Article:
TL;DR – Will Universal Basic Income save us from the automation apocalypse?
The rapid disruptions to the economy is threatening the jobs of many people. In a recent dialogue session with union leaders from the Building and Facilities Management (BFM) Cluster, Second Minister of National Development Desmond Lee said:
“In this day and age, disruption comes fast and furious. We can keep doing the things that we do, but someone will come along and take away our lunch.”
No one can be certain whether their job will still be around in the future. In other words, we can’t be sure that we will always have our rice bowl. That’s why the idea of a universal basic income is so attractive.
Universal Basic Income sounds good…
Universal basic income (UBI) is typically described as a new kind of welfare program in which all citizens (or permanent residents) of a country receive a regular, livable and unconditional sum of money, from the government. From that follows, among other things, that there is no state requirement to work or to look for work in such a society. The payment is also, in such a pure basic income, totally independent of any other income.
It sounds really good. And expensive. And we don’t know if it will work. Or if there will be any negative effects (e.g. will it discourage people from working?).
To study the idea, Finland conducted an experiment of providing basic income to 2000 unemployed Finns.
The experiment started in January 2017, and is supposed to end its two-year trial at the end of 2018. Currently 2,000 unemployed Finns are receiving a flat monthly payment of €560 (SS$900) as basic income. The Finnish government will not extend or expand the experiment after this year.
It is now over a year into the experiment. The latest news is that the Finnish government decided not to extend or expand the programme after this two-year trial ends at the end of 2018.
Why does the Finnish government not want to continue with the experiment?
One reason could be because the 2019 parliamentary elections approach in Finland, and boldness is being replaced by timidity and politics. This could be because a predominant segment of Finnish society fear that with basic income, young people lacking secondary education and don’t have work would just stay at home and play computer games.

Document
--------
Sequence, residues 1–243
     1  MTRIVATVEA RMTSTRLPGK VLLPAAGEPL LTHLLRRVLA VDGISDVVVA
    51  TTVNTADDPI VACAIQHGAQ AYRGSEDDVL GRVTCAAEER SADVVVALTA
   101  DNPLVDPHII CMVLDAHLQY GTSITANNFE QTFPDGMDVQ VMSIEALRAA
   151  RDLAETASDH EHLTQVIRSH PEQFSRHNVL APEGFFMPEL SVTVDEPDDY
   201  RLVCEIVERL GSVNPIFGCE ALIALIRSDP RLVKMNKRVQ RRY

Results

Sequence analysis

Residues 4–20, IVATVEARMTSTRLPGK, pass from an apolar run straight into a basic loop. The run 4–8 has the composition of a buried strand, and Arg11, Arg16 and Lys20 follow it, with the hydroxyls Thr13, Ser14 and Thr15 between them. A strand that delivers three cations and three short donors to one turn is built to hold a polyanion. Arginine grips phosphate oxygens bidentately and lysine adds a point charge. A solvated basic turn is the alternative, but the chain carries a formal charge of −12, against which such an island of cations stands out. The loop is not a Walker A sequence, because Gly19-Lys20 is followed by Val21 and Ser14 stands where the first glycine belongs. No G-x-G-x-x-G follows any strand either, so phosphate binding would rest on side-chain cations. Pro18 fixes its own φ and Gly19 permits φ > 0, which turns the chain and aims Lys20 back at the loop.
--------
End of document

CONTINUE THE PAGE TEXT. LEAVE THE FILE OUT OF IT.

Another related reason is the cost of funding a basic income. A study by the Organisation Economic Cooperation and Development (OECD) found that income tax would have to be increased by 30% to fund a basic income. It also argued that instead of decreasing income inequality and poverty rate, a basic income would actually increase Finland’s income inequality and raise poverty rate from 11.4% to 14.1%.
Whatever the reasons, the Finnish government has decided that this universal basic income experiment is coming to an end this year.
Academics say that the experiment is too short to come to any concrete conclusion about the impacts of a basic income. Regardless, we will have to wait out for them to complete the experiment, crunch the numbers and share the findings.
But other countries are conducting their own experiments. Other trials are underway or being explored in the San Francisco Bay Area, the Canadian province of Ontario, the Netherlands and Kenya. So we may still have a chance to find out whether universal basic income is indeed the magic bullet we all need, but in the meantime, we just have to wait.
So… instead of waiting…
And even after those other trials are complete, we are unlikely to have basic income in Singapore any time soon.
So meanwhile, it looks like our best bet at a better chance of having a ricebowl in the future is to keep building and deepening skills that are relevant to the economy.
Editor’s Note: I personally prefer this version of telling the Finland’s UBI story.